Dogs aid police in search for Homer woman

Anesha “Duffy” Murnane missing poster. (Homer Police photo)

Anesha Murnane is still missing. Murnane, who answers to Duffy, was last seen in downtown Homer in front of Homer’s Jeans on Pioneer Avenue shortly after 5 p.m. on Thursday, October 17. Homer Police, Alaska State Troopers and volunteers searched on the ground and by air through the weekend.

Rescue dogs arrived from Anchorage on Sunday night to aid the effort to find Duffy. The dogs and their handlers continue to search in town today. Marvin Dean Cox came from Anchorage to act as incident commander for the dog teams. He says there are five searchers and two dogs on the job . “We are a private non-profit. I’m with the Anchorage Search Team. The dogs are here with North Paw K9 Search and Recovery. It’s a private group with trained dogs, some of the best trained dogs in the state,” said Cox.

KBBI’s  Kathleen Gustafson spoke with Lieutenant Ryan Browning of the Homer Police Department this morning for this update.


What can you say about Duffy’s disappearance?

Lt. Browning:
Our last confirmed sighting of her was Thursday between 5:15, 5:30. Outside of Homer’s Jeans heading eastbound. Right now, we’ve got officers in the field going all the businesses to see if they have any cameras that we can get any footage off of anything like that the track dogs last night.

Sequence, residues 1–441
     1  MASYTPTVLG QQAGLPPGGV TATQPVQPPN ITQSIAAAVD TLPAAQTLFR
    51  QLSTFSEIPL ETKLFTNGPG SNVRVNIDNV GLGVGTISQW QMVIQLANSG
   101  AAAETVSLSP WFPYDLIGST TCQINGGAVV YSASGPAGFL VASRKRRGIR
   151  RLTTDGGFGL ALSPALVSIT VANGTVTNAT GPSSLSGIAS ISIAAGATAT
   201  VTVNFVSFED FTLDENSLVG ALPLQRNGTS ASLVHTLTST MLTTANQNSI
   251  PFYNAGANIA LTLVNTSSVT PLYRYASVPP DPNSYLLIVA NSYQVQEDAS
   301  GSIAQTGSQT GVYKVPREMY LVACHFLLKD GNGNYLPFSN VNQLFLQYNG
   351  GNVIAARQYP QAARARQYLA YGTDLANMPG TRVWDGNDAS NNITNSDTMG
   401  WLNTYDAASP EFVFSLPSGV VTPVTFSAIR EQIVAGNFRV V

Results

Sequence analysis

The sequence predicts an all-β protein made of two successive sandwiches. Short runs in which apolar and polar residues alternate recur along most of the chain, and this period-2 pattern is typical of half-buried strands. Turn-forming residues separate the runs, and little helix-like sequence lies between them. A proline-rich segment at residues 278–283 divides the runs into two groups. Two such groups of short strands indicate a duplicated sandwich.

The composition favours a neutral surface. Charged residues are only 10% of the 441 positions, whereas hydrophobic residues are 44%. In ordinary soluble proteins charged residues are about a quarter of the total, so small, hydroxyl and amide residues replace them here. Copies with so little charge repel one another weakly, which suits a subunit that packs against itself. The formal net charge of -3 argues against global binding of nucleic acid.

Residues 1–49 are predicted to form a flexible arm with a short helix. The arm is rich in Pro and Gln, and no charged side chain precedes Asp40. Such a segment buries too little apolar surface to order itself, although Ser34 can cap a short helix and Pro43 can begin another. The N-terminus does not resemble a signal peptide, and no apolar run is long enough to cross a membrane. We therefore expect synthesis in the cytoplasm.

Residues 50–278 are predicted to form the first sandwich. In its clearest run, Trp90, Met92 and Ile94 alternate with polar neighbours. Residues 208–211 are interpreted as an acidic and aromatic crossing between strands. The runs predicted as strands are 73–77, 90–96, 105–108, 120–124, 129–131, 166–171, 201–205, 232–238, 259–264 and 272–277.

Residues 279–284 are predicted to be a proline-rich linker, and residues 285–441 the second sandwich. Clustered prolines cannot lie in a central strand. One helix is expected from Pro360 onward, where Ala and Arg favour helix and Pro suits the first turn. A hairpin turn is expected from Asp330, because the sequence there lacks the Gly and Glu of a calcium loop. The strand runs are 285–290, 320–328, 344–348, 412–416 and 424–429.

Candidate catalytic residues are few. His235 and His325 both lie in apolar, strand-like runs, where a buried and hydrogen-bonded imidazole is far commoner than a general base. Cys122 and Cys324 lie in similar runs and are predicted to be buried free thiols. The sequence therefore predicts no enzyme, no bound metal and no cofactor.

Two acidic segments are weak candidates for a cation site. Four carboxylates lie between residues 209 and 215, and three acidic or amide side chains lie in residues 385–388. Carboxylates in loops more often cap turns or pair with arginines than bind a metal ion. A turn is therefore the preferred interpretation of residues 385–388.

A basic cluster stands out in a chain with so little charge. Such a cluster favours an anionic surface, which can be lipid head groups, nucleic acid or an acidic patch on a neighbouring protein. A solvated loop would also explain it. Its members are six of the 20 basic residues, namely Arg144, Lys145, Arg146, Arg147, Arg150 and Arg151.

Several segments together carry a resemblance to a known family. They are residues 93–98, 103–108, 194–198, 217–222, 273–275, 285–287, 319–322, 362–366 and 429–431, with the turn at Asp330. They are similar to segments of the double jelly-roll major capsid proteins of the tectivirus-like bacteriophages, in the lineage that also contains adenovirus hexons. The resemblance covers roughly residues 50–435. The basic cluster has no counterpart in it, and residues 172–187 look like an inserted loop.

They deployed one dog. It found her track where it went to, down towards Kachemak Drive. We can say definitively that she was there. We searched those, no sign of, or any clues like that. Another dog ran the same trail so we know she was in that area and then the dogs weren’t able to find where she would have gone off of that trail.

We’re sending them or they should be going to where she was last seen that Thursday evening in front of Homer jeans and trying to get a track from there. If we can’t get anything from that, they’re going to start jumping intersections with the dogs to see if they can pick anything up.

 Sounds like a maybe a month or so ago, these dogs tracked a guy for six days through Anchorage. So they have a pretty high success rate with that but they’re going to start dropping dogs in town and can see if they can get anything. Right now I’m trying to get hold of the FBI to go through electronic stuff and just asking people if they see her to give us a call or if they hear anything or rumors to let us know at the police department.

 You’re no longer calling volunteers for search?

Lt. Browning:
 Right, we’ve combed within about a mile, mile and a half of where she lived very thoroughly with the dogs, with a helicopter, with probably 50 people that came out yesterday in the community to help us out and we’re confident that she’s not in that area immediately around her house.

So now we’re starting to expand things outside of that and I think we’re going to get our best information from what the dogs do their work and see what they come up with.

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